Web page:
Black Tech Professionals Resolved to Overcome Recession by Strengthening Community Networks
Business Career Technology

Black Tech Professionals Resolved to Overcome Recession and Economic Slowdown by Strengthening Community Networks

(Image: iStock / PeopleImages)

Black Professionals in Tech Network (BPTN), the largest community of Black tech and business professionals in North America, returns to in-person conferences in October 2022 with the launch of The BFUTR Global Tech Summit.

The BFUTR Global Tech Summit, BPTN’s annual premier event supported by founding Title partner TD Bank, will be accessible through a hybrid format from Oct. 19, 2022, until Oct. 21, 2022. The first two days of the conference will offer participants the option to engage in a select number of remote and in-person events, while the third day’s programming components will only be accessible at the Sheraton Centre Toronto Hotel, according to a press release.

The summit, the most prominent Black tech conference globally, is known for its innovative tech talks, dynamic networking opportunities, career development seminars and epic after-parties that include some of the music industry’s most talented artists.

What can BFUTR attendees expect

Participants attending the 2022 hybrid summit experience can purchase a VIP pass ($299) to access the venue, while guests accessing the event remotely can secure a General pass ($0) free of charge. TD Bank being the founding Title partner, we are expecting 20,000+ attendees composed of Black professionals and allies, as well as 60 plus influential corporate tech partner such as LinkedIn, Salesforces, BMO, RBC and Intuit, this summit offers opportunities to celebrate accomplishments and reconnect with old friends within the Black tech community while also enjoying conference perks and programming elements like:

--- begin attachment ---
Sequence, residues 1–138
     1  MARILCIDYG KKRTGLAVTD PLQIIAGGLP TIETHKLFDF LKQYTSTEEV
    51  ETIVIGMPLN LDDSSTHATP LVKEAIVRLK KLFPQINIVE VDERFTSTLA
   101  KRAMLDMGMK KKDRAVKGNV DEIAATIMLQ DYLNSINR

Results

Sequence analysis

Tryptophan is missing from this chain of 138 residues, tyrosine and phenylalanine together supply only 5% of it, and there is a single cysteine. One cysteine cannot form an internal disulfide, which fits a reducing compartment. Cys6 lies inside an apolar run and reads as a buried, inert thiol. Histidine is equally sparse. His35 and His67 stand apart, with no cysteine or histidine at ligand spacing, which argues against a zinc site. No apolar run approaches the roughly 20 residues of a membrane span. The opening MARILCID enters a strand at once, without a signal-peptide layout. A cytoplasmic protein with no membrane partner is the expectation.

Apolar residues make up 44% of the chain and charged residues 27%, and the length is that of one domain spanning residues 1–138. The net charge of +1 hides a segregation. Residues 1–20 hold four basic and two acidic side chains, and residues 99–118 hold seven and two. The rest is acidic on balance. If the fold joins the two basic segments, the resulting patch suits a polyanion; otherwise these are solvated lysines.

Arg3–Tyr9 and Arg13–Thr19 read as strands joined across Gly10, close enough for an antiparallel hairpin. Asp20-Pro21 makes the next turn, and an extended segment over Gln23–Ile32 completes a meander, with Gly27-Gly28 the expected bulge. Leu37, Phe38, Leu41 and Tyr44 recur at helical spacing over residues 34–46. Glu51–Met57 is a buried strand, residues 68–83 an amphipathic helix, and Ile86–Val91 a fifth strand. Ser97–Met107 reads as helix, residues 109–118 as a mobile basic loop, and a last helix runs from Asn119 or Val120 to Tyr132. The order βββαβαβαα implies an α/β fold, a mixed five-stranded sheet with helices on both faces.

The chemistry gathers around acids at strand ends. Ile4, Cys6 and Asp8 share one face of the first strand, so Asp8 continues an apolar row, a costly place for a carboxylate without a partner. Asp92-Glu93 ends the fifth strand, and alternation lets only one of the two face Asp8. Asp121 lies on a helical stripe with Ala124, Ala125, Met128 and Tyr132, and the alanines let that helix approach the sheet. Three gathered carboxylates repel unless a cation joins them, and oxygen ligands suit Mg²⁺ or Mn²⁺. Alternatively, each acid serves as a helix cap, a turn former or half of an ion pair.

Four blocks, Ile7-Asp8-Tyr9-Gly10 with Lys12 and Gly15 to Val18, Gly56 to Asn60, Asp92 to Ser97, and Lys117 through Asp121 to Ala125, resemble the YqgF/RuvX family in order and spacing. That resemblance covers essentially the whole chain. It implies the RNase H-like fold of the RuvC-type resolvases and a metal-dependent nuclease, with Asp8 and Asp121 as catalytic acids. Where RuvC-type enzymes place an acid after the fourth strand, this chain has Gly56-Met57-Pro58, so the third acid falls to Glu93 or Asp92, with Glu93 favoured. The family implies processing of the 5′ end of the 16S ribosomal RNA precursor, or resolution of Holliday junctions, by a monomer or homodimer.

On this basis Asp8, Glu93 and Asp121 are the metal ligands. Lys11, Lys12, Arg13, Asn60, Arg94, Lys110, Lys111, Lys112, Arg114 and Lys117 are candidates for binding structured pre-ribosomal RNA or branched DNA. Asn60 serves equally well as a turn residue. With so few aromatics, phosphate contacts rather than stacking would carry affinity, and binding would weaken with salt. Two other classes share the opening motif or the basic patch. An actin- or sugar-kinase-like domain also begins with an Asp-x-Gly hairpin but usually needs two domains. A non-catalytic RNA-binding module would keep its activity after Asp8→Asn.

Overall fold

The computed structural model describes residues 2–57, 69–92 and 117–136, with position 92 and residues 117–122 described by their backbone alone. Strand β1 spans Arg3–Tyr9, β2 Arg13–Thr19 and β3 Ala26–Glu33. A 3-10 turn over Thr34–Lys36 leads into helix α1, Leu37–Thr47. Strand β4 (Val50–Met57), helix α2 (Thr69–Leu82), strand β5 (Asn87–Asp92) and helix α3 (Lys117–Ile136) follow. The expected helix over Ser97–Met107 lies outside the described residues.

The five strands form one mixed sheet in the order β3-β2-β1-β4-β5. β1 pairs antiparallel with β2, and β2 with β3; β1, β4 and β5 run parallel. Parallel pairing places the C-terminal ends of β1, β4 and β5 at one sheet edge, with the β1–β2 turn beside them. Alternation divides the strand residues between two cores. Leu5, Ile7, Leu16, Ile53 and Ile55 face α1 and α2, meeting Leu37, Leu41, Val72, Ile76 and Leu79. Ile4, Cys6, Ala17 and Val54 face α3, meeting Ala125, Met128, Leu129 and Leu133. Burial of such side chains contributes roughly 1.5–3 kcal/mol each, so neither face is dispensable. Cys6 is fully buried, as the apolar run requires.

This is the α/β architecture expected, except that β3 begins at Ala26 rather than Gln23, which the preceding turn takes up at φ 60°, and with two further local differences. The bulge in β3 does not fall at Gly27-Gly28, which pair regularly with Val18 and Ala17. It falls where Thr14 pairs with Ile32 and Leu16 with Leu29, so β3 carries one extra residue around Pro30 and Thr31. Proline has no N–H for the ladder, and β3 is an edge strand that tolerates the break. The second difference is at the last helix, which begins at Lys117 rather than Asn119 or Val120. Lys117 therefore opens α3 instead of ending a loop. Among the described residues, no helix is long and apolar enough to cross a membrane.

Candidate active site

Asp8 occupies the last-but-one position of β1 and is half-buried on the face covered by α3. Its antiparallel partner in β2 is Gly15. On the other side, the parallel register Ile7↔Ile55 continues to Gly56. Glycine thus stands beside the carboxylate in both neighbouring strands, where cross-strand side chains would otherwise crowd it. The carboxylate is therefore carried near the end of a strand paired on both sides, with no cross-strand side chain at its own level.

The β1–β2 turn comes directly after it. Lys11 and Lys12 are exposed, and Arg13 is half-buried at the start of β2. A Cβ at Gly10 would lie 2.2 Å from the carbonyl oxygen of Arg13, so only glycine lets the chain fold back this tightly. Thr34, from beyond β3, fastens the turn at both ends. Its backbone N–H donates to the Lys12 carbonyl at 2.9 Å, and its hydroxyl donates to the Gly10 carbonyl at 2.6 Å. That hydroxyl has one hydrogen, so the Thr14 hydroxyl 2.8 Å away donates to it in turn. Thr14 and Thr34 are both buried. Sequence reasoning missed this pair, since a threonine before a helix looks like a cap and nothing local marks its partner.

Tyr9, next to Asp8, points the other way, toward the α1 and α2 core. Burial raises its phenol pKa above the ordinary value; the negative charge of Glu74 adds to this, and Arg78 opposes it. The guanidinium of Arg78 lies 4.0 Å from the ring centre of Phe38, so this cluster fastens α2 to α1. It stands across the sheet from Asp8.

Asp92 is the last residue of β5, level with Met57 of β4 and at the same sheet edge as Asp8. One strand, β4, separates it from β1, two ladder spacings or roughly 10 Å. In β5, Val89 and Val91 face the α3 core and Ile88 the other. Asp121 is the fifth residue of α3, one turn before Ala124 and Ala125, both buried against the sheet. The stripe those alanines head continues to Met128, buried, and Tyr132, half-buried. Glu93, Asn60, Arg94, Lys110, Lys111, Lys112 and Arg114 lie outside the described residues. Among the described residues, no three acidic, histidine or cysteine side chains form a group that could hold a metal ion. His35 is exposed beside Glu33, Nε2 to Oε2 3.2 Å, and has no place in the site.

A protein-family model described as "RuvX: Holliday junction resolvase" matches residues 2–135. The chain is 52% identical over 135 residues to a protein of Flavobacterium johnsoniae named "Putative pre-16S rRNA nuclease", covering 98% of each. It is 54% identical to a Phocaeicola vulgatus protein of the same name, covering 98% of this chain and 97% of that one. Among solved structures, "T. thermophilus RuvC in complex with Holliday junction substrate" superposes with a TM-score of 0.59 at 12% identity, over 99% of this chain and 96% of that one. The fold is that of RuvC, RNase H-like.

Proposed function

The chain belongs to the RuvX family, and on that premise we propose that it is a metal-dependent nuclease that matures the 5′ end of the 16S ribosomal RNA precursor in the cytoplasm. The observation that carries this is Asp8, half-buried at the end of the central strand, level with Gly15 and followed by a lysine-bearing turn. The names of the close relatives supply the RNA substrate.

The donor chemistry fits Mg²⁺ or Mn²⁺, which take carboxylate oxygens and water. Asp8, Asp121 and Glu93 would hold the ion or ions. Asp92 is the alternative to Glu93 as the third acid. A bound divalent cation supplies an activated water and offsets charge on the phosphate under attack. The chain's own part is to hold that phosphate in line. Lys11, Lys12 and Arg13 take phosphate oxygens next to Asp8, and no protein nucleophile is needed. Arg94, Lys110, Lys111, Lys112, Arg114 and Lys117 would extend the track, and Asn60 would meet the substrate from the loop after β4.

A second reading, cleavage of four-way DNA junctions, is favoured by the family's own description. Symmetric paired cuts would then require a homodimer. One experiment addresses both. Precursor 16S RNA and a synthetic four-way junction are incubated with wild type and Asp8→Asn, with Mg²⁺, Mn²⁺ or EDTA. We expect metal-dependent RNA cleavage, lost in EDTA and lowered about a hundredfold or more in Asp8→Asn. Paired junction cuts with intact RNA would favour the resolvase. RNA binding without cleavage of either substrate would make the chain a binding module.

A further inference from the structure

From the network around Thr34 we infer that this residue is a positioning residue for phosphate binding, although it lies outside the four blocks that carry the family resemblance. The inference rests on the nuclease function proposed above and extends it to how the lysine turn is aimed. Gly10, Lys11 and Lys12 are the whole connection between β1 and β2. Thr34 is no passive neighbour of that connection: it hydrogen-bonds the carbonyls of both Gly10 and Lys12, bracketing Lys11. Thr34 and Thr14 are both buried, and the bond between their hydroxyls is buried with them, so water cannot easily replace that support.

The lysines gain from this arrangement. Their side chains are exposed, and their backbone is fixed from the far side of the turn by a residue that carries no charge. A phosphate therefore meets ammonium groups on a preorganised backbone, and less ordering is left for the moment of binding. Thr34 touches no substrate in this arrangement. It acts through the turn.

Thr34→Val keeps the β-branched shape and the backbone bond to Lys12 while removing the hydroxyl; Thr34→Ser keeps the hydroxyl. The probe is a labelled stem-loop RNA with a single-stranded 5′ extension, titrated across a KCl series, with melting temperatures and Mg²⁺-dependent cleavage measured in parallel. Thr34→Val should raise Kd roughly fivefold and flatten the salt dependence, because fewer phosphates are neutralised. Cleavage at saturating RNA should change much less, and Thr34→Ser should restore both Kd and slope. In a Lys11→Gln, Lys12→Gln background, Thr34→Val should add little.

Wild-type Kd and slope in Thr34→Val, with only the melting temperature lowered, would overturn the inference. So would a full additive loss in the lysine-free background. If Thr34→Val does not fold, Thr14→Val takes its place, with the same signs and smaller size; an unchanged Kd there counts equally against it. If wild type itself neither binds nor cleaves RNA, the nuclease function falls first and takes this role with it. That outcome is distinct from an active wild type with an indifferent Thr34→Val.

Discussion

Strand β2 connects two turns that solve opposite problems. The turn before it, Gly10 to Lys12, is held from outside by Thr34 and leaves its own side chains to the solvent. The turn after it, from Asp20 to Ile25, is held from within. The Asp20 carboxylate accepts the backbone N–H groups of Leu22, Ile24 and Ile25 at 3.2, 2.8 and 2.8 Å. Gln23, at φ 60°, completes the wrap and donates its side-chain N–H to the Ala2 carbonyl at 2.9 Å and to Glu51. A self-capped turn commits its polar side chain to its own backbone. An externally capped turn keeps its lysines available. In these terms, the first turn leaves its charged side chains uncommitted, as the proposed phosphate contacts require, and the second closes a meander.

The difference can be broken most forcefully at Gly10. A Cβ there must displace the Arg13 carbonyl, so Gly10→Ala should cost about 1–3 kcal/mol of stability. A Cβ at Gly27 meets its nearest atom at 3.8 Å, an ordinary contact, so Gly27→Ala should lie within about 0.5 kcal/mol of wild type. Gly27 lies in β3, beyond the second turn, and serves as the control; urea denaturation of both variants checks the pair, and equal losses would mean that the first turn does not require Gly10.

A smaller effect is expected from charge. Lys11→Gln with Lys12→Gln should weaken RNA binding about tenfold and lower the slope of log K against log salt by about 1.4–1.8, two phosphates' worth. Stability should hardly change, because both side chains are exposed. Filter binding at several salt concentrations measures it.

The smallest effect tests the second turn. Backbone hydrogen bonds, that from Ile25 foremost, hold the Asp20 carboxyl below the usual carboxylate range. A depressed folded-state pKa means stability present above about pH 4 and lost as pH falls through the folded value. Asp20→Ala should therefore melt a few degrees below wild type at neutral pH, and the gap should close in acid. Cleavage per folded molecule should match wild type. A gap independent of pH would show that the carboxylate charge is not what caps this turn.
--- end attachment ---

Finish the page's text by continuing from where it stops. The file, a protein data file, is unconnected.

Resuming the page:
– Tech talks led by 100 plus industry leaders and change-makers sharing the sector’s latest technical advances along with keynote touchpoints delivered by public figures like Comedian and host of the Emmy-Award Winning “The Daily Show,” Trevor Noah;

– An after-party with performances by American rapper and six-time Grammy-nominated artist Rick Ross;

– One-on-one networking lounges, product demos, VIP social outings around the city of Toronto, and an array of meet and greets at some of the corporate offices of Big tech industry partners — allowing prospective job candidates to obtain a personalized experience of their company culture;

– And most importantly, a series of dedicated hiring and learning sessions designed to strengthen and build scalable talent recruitment pipelines and sponsorship opportunities with Black professionals in attendance.

Aside from the return of the summit’s in-person activities, which were temporarily paused for the last two years due to pandemic restrictions, what’s especially notable about this Black-led tech conference is that its core function is to provide pathways for hiring talent and sponsorship of Black professionals in an industry that traditionally excludes them as consumers and viable talent sources.

With the recession’s rise, a climate has developed in which Black professionals have frequently been faced with more lay-offs, hiring freezes, reduced sponsorship possibilities, and smaller raises while also experiencing greater unemployment rates and unemployment periods than their white counterparts. For example, while economists maintain that the U.S. labor market has recovered since the pandemic, with overall unemployment decreasing to 3.5%, a 6% boost impacted Black workers (Economic Policy Institute 2021). An outcome which is not surprising given that Black professionals are often the last hired and first fired during times of economic instability.

“The BFUTR Global Tech Summit is where the global Black tech community and its allies come together to celebrate tech, learn about new industry innovations and most importantly, build employment pipelines with tech companies and establish sponsorship opportunities for Black professionals. Unfortunately, Black folks tend to be the hardest hit talent pool during economic downturns or recessions. The best way for any Black professional to find a way forward or recession-proof their careers, for lack of a better term, is to build and strengthen their professional networks- essentially, it’s exactly what BFUTR has always aimed to provide to all its attendees year after year,” said Lekan Olawoye, CEO and founder, BPTN.


×